The point is not to go on and on about this issue, but to get underneath it. We are putting A LOT of our finances, energy and time into developing and maintaining our image for the purpose of upholding our sense of self. We want to belong and be thought well of, and so we buy the latest this or that and we invest in keeping up with the popular.

What is this really about? Is it that the media is that powerful? Not really. It’s not the media and advertising, but human nature that is powering it, even though advertising has really learned how to read and manipulate human nature! It’s the need for self-esteem; for a secure identity. If you had not developed a secure identity through your childhood, then you likely are going to seek out ways to build your identity externally, i.e. through what you can show or prove to others to gain their acceptance and approval. That, my friends, is big business. A lot of companies are in the business of self-esteem and identity formation although some don’t know they are and wouldn’t want you to see them that way. If you did, you may see through it all and discover the manipulation.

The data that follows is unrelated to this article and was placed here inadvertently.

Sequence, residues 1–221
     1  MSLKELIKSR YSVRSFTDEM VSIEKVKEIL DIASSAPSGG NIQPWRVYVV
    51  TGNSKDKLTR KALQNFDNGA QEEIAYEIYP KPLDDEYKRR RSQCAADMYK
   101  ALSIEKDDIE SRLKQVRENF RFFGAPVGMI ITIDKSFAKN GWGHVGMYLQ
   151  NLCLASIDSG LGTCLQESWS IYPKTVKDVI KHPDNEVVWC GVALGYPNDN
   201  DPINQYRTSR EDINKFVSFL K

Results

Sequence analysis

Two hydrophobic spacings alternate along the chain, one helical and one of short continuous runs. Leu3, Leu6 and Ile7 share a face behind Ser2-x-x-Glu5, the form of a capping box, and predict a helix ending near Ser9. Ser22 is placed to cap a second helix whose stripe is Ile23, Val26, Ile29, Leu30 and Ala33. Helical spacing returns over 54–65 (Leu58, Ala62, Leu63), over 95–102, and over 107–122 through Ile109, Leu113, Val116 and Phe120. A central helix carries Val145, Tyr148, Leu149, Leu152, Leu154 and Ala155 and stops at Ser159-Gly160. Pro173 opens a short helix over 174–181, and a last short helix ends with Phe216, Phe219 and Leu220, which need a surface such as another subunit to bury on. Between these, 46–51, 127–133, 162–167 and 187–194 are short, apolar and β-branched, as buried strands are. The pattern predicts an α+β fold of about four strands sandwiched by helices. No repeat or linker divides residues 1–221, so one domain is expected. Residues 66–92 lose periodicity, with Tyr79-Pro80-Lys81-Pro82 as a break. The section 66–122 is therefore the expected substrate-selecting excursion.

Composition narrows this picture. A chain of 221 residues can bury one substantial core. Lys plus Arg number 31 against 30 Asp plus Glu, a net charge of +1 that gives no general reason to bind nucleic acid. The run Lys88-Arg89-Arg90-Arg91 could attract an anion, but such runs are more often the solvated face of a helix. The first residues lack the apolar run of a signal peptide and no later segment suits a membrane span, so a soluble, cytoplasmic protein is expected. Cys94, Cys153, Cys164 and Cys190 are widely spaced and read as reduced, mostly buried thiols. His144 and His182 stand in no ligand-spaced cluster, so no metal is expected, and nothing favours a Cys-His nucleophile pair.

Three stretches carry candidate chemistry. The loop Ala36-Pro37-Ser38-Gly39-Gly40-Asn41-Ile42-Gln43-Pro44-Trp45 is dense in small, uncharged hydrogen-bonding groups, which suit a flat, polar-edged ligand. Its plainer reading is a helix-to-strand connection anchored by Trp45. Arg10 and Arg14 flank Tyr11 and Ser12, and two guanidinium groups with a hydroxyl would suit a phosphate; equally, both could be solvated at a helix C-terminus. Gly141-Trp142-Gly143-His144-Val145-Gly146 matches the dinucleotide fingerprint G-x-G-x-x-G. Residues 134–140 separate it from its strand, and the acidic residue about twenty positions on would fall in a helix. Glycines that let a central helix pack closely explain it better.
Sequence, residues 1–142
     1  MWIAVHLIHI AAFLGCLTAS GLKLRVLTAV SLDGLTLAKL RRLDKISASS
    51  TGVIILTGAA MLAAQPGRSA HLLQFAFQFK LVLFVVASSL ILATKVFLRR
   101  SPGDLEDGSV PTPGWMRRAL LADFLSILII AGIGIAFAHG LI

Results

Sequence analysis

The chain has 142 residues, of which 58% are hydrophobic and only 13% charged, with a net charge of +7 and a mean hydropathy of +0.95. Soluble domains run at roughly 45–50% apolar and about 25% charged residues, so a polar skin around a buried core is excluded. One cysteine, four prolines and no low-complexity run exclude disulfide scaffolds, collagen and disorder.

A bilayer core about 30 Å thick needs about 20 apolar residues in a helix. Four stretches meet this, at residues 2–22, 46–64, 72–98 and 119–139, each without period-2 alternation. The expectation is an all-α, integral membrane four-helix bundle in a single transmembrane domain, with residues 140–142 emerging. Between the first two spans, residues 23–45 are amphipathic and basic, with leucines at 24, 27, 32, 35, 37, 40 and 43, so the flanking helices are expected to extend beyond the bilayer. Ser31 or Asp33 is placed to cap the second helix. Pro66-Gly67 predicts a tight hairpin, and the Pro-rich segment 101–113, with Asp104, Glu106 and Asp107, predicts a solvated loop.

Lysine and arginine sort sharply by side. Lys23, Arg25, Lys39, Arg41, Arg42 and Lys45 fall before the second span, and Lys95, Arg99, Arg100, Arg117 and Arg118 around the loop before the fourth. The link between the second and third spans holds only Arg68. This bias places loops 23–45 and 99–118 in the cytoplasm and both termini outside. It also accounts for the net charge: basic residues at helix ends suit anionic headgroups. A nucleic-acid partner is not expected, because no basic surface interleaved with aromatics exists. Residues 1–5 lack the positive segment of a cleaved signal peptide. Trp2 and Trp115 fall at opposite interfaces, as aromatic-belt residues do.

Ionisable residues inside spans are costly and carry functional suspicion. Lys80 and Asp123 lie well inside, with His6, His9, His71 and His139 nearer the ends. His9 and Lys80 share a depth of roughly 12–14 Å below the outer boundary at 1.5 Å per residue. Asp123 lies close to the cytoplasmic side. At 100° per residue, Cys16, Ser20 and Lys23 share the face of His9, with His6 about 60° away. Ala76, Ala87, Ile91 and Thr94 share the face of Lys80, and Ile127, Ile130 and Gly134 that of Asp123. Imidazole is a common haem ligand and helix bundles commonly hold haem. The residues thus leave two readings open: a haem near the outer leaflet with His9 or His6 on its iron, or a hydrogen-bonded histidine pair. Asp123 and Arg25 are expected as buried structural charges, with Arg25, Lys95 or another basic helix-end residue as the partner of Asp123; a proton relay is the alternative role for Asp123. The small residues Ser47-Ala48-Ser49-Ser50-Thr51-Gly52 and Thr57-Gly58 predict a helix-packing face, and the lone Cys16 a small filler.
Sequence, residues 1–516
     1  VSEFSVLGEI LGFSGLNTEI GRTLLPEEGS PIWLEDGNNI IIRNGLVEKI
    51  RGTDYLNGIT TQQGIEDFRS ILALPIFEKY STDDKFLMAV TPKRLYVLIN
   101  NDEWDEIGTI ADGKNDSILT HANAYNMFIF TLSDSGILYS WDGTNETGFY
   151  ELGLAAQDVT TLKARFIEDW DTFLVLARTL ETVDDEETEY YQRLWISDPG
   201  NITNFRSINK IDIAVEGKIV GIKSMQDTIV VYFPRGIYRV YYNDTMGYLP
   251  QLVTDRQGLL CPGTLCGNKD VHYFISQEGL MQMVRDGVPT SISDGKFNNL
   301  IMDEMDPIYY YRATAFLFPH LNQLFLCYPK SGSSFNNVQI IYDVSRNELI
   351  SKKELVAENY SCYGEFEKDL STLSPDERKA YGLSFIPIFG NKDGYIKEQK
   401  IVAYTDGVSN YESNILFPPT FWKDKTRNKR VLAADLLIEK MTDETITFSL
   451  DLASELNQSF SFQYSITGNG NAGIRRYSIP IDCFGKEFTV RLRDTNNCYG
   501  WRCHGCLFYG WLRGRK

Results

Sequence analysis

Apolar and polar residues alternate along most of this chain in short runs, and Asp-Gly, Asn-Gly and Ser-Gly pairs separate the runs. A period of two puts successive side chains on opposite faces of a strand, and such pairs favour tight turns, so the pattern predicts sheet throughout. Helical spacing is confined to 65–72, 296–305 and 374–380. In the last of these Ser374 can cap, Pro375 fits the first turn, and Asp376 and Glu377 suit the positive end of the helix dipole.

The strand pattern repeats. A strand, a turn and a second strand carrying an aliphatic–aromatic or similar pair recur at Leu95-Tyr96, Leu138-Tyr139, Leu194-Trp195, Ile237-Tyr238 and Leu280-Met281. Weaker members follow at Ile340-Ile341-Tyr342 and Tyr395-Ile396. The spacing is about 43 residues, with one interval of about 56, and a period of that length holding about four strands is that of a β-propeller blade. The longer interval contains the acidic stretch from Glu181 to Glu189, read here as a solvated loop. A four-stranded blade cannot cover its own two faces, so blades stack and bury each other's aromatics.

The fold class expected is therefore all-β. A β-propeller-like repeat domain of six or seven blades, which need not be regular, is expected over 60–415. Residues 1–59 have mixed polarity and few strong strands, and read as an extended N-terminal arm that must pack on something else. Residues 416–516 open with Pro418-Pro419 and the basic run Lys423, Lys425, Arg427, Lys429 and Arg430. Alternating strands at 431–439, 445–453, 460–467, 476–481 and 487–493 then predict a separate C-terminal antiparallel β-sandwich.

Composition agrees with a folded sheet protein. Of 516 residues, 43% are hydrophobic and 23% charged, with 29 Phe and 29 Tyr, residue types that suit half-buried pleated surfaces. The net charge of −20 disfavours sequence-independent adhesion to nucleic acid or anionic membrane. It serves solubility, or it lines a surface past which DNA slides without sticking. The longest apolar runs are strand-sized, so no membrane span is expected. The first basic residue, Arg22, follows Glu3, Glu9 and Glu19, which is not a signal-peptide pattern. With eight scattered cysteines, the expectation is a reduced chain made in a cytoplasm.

We were never designed to get our sense of worth and definition of our identity from external sources (at least not to a high degree) like how much we have, how good we look, how fast we can run or shoot a ball through a hoop, how skilled we are at singing or dancing, or any of our abilities. Don’t get me wrong - I am not claiming that these are not good things, or that it is not okay to enjoy the abilities or skills or gifts that God has given to us. But what happens when we look to these things to define us and determine our worth?

1.       We become performance based , meaning that our sense of our worth is always fluid: I’m only okay with myself to the degree that I can achieve and keep achieving (and getting strokes for it).

2.       We diminish grace and live with a sense of judgment of others based on performance as well. We define everyone on these same scales and weigh people’s value on them. This means we will dole out levels of acceptance and love like a commodity to be earned.

3.       We forget to be thankful to the One who gave us what we have. We take credit for our abilities, our money, and our looks. How odd, since we did not bestow them on ourselves. Even if we developed our abilities to make money, we did not give ourselves the abilities or the opportunities (meaning we did not determine the culture and family to which we were born).  However, our culture heavily rewards such things. There is so much acknowledgement and so many accolades for abilities - mostly of the entertainment variety - although we also award smarts, at least in the scientific fields.  What this produces is comparison, pride and self-absorption.